Ivacaftor is one example of what Dolgin calls a “direct attack” on a rare disease. Dolgin is negative about such efforts, but they can work. Indeed, Genzyme has made a business of it, developing intravenous enzyme replacement therapies for patients with rare enzymatic deficiencies. One of their drugs, alglucosidase alfa, for patients with loss-of-function mutations in the GAA gene, received approval after a trial in 39 patients.

These are not huge numbers of patients. Far from meaning that we no longer need clinical trials in rare disease, I would argue that genomic stratification makes rare disease trials more feasible than ever before. It just changes the definition of the disease.

In the genomics era, cancers can be defined molecularly - by genetic mutations - rather than by the tissue type of origin. This means that in the future, instead of trials targeting “anaplastic thyroid cancer” as a group, we’ll have so-called “basket trials” combining patients with a variety of “types” of tumors (thyroid, ovarian, and so on) that all share a particular mutation [Willyard 2013]. And saying that we will group patients differently is a very different thing than saying we won’t study rare diseases.

Above: ‘basket trials’ group cancers differently than conventional clinical trials do, but that does not by definition mean larger numbers.

I fully agree with Dolgin that genomics will also be instrumental in helping match patients to existing FDA-approved drugs predicted to work well for them. For instance, Dolgin mentions the example of vemurafenib, which was approved for individuals with melanoma with the BRAF V600E mutation, and was later reported to work well in one individual with ATC with the same mutation [Rosove 2013]. This sort of genetic matchmaking underpins the business model of Foundation Medicine and is likely to prove transformative.

Yet even when two types of tumors do share a genetic mutation, efficacy in off-label use is far from guaranteed. In contrast to the results for ATC, it appears that colorectal tumors with the BRAF V600E mutation do not respond to vemurafenib [Prahallad 2012]. Oncologist and cancer genomics researcher Nikhil Wagle points out that “If one assumed that vemurafenib would be as effective in all other BRAF mutant cancers as it is in melanoma, a lot of patients might have received an ineffective therapy. Moreover, since the off-label use would be occurring outside the context of a study, we wouldn’t have been able to learn that it wasn’t effective until many, many patients had failed therapy.” Instead, he says, even after a drug is approved, we still need to be rigorous about assessing its efficacy in other indications. This could include clinical trials of new indications for approved drugs, basket trials of approved drugs, and the development of an “off-label registry” as recently proposed by Richard Schilsky [Schilsky 2014]. Indeed, Dolgin mentions a second ATC patient who was successfully treated with the FDA-approved drug everolimus, as an example of a success story in off-label use [Wagle 2014b]. But that wasn’t an off-label use: that patient was enrolled a Phase 2 clinical trial of everolimus in thyroid cancer. The Dana Farber Cancer Institute has now launched a basket trial of everolimus for individuals with TSC1 or TSC2 mutations, inspired by that individual and two other patients who responded exceptionally well to everolimus - “extraordinary responders” - both of whom were likewise identified in conventional clinical trials [Iyer 2012, Wagle 2014a].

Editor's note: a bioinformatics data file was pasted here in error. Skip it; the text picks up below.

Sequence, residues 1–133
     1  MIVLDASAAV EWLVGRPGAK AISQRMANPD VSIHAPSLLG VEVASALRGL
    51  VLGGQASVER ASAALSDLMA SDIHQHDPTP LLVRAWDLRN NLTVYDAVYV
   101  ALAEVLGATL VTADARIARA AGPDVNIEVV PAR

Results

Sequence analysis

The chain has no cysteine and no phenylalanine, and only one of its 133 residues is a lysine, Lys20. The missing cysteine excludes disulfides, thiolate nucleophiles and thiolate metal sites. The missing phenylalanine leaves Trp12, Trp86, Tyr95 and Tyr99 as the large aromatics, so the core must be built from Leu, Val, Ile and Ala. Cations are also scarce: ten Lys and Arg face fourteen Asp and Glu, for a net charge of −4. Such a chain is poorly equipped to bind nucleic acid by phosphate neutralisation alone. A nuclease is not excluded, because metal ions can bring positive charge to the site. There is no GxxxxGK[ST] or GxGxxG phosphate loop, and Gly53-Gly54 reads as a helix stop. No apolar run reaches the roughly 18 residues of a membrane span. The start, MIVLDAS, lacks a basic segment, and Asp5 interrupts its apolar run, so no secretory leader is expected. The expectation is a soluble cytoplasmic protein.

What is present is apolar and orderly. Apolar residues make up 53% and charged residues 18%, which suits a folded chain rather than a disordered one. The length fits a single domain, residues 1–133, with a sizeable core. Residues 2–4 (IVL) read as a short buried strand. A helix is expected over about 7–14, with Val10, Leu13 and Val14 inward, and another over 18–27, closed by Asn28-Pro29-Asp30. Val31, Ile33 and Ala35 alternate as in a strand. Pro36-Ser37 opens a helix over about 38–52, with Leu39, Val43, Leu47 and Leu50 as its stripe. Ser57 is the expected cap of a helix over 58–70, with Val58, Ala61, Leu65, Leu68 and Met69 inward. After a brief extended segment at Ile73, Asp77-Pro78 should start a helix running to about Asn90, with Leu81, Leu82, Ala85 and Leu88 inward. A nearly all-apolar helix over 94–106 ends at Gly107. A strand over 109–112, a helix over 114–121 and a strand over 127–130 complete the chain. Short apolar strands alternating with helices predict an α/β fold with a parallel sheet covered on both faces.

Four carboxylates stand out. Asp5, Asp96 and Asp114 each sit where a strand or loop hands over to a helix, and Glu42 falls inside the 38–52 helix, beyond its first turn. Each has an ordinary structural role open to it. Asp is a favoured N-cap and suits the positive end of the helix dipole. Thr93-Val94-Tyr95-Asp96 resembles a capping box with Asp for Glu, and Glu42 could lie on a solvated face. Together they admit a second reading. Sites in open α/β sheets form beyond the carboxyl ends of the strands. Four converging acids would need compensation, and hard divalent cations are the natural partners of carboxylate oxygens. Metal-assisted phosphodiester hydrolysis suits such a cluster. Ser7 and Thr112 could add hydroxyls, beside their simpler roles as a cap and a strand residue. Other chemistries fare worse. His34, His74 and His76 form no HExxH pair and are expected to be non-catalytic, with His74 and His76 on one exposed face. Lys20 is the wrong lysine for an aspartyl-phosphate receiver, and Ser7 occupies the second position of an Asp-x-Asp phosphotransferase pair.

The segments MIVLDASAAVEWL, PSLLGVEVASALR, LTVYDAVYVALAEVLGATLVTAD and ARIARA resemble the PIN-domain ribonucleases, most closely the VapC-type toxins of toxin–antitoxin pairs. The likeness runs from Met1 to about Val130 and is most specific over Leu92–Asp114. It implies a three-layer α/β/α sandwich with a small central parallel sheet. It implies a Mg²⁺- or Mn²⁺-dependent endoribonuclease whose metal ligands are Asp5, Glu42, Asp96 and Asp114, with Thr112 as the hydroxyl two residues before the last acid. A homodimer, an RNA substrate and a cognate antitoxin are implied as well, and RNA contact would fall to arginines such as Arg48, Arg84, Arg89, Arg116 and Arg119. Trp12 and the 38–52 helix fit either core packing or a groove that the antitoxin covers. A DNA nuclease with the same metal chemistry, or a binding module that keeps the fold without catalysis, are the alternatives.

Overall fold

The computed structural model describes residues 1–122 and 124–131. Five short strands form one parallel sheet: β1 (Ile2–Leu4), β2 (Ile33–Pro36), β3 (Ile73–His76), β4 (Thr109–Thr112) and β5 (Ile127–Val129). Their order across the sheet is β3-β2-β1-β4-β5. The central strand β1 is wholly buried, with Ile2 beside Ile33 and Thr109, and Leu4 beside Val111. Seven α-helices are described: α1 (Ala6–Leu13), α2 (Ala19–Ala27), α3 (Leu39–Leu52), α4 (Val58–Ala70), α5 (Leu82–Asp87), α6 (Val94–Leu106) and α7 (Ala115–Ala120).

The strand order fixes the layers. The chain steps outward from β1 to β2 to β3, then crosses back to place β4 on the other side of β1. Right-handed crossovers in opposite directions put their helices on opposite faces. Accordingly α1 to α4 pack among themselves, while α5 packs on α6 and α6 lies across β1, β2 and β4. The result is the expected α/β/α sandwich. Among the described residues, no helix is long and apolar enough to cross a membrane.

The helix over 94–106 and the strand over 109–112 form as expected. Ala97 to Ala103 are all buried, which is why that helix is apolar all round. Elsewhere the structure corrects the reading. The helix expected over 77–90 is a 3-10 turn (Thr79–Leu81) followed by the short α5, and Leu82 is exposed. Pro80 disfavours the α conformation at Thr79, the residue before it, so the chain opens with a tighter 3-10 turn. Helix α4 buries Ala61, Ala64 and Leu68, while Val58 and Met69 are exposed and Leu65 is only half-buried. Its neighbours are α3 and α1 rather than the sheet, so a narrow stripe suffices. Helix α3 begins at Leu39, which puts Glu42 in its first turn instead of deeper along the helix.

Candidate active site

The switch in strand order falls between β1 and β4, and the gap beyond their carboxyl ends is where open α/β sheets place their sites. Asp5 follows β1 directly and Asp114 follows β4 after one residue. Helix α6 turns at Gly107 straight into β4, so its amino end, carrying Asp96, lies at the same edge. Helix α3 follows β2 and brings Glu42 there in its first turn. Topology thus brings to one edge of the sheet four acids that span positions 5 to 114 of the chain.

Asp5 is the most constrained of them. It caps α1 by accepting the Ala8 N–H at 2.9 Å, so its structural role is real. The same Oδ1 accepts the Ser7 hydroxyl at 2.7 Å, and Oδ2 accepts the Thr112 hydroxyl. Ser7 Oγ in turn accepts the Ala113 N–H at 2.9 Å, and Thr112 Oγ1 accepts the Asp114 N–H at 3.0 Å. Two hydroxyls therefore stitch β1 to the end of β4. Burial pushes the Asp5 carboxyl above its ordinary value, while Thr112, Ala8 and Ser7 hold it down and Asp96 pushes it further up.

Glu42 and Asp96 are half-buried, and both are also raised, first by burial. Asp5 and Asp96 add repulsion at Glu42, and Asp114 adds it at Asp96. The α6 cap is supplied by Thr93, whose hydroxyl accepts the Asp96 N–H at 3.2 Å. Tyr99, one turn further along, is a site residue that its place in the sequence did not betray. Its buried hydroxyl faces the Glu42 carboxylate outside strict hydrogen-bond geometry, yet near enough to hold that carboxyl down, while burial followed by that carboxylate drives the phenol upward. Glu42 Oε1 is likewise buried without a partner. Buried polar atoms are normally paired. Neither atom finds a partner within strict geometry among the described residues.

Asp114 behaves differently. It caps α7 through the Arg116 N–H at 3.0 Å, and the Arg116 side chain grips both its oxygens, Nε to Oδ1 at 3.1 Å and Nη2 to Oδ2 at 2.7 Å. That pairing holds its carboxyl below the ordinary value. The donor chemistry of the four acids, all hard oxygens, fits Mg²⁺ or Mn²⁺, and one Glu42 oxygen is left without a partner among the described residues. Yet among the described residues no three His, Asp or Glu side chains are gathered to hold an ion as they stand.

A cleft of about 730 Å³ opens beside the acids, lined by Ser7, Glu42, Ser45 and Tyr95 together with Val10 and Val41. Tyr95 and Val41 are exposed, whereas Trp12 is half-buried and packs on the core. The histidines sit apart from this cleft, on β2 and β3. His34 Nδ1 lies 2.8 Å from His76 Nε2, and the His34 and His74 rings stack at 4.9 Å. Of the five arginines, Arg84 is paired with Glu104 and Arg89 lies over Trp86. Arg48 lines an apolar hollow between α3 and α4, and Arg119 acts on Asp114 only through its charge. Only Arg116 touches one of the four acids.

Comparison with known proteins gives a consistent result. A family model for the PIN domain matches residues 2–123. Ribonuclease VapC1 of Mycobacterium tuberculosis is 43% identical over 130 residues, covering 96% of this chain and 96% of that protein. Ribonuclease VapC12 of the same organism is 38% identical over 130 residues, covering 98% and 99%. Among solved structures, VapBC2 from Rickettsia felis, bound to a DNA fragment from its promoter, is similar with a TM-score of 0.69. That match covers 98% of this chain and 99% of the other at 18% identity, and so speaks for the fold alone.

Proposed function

The possibility of off-label use, then, does not free us from the need to learn from clinical trials, and to design new trials based on genomic insights. Moreover, to enable off-label use, we still need to get new drugs approved in the first place, which is where genomics can help us to carefully design clinical trials targeting tightly defined patient populations. Indeed, vemurafenib is just one of several drugs approved for tumors with a specific genetic mutation. Crizotinib was designed specifically for non-small cell lung cancers with translocations in the ALK gene, and its efficacy in this specific patient group was so profound that it received FDA approval following positive results from only its Phase 1 and Phase 2 trials, on a total of just 255 patients [reviewed in Ou 2011]. Its efficacy has since been confirmed in Phase 3 in 347 individuals [Shaw 2013]. Note here that genomic stratification doesn’t necessarily mean we need more patients in trials, it means we need the right patients. Gefitinib had its approval restricted by FDA after a study without genomic stratification in 1,692 lung cancer patients showed no benefit [Thatcher 2005], even as much smaller studies demonstrated that it worked brilliantly against tumors with EGFR mutations [Paez 2004, Lynch 2004].

By this point I’ve touched on a lot of different drugs. Sometimes the rare has informed the common, sometimes drugs for more common diseases are used off-label for rare indications, and sometimes we can succeed at treating the rare for the sake of the rare. I mention all of these examples not to illustrate a general trend, but rather, to illustrate the lack of one. There is no simple rule for what makes a good drug, or an approvable drug.

As a statistical geneticist, I am a huge believer in power calculations, and I am not advocating that we proceed with clinical trials that have no statistical power. But power depends not only on sample size, but also on effect size, and on variance in patient outcomes. As mentioned above, Scannell has lamented that half the effect size means you need four times the sample size. A happy correlate of this observation above is that if you double the effect size, you only need one quarter the number of patients. Today we have unprecedented tools available to help us identify the specific patient populations for whom drugs are most likely to be highly effective. We can, and should, use those tools to find new treatments for rare diseases.